One of the most popular sections of the South Fork of the Payette River has become threatened by 37 new mining claims. If developed the claims could dramatically rearrange the area from Lowman to Sourdough Lodge, including lands adjacent and close to the popular Kirkham Hot Springs.
On Aug. 28, a company from Starr, Idaho and three other individuals staked the claims along the South Fork of the Payette upstream of Lowman north of Five Mile Creek.
The Boise National Forest is contesting the claims, and earlier this month Idaho Rivers United filed comments in support of the Forest Service position. Any mining on the South Fork would directly jeopardize critical bull trout habitat, compromise Wild and Scenic outstandingly remarkable values, and disturb recreation on and off this incredibly popular section of the river.
The South fork of the Payette is renowned across Idaho and the Pacific Northwest as a premier paddling destination. The roughly 11-mile section in question boasts some of the river’s finest whitewater, including several class III and IV rapids. The river itself, Kirkham Hot Springs, two federal campgrounds, several small businesses and a number of private homes would be directly impacted if the cited mining claims were developed.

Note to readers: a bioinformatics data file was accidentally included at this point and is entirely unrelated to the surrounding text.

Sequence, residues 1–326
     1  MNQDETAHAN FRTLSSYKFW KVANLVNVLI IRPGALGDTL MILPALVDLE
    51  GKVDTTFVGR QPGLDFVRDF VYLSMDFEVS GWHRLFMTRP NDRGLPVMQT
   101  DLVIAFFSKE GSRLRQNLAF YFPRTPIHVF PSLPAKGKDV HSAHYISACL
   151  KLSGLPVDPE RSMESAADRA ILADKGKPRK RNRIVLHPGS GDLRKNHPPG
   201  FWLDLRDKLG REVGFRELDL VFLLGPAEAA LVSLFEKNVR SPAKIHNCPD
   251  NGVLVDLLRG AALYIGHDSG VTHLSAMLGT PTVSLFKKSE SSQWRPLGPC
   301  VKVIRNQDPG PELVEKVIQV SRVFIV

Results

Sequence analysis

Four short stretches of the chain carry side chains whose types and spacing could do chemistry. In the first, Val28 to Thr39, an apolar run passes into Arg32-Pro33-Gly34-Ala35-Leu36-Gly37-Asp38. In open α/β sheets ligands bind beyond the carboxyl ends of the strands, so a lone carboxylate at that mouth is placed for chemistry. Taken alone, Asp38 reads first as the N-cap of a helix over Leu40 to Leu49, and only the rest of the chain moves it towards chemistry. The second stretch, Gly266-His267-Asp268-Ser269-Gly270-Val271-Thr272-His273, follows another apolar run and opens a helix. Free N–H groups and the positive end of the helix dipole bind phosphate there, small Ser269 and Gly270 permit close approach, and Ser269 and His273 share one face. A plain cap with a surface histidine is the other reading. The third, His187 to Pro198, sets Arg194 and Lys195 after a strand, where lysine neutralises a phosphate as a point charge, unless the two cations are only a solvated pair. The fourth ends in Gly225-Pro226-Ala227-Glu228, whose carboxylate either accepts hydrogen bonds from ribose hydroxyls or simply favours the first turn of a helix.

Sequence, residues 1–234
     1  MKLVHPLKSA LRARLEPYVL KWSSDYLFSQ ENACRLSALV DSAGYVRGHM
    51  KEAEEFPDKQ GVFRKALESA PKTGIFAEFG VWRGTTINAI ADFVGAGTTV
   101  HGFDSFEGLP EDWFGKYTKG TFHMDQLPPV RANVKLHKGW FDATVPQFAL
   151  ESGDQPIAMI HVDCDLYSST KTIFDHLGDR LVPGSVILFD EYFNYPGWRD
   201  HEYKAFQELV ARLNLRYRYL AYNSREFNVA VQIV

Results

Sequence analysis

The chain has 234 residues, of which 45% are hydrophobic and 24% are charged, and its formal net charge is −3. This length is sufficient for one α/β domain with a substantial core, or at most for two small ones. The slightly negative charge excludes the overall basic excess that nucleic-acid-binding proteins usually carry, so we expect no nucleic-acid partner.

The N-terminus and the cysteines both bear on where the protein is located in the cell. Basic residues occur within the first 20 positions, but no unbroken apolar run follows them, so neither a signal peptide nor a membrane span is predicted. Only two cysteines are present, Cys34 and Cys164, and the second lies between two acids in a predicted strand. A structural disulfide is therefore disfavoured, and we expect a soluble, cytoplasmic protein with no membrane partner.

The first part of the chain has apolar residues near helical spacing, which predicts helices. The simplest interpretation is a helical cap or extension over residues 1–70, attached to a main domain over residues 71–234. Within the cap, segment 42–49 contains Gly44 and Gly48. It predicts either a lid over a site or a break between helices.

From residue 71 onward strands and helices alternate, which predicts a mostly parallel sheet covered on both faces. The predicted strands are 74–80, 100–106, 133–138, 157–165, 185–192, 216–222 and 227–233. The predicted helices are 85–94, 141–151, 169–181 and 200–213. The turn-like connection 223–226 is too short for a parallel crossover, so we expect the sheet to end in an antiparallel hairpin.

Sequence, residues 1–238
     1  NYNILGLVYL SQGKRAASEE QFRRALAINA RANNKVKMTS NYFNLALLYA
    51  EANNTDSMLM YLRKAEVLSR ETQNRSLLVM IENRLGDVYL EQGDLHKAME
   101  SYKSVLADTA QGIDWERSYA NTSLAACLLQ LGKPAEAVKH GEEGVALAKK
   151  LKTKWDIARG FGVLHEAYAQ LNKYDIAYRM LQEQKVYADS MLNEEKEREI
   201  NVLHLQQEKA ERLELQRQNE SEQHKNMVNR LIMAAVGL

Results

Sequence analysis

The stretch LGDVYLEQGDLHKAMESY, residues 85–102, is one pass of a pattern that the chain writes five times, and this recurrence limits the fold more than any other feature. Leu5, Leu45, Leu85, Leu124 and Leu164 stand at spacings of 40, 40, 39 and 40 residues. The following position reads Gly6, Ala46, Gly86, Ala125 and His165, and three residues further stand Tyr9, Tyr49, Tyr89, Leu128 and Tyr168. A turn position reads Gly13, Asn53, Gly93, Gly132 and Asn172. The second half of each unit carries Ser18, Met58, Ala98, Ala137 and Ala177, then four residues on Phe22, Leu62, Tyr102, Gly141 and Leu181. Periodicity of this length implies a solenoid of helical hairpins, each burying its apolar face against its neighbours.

An unfortunate reality all too clear for Idahoans and others in the West “blessed” with buried minerals is extraordinary spaces ruined forever for shortsighted gains. Due to the antiquated Mining Law of 1872, land management agencies are rarely left with management options. In the case of the South Fork of Payette, however, the Forest Service has several.
The claims are located within the impact area of a previously identified hydropower site, and that creates a legal toehold. The Mining Claims Rights Restoration Act of 1955 establishes the ability for the federal government to contest placer mining in areas historically set aside for hydropower development. The law essentially prioritizes hydropower development over mineral extraction.
Using this law, Forest Service attorneys have filed to contest the claims in federal court, and there should be a hearing before an administrative law judge early in 2018.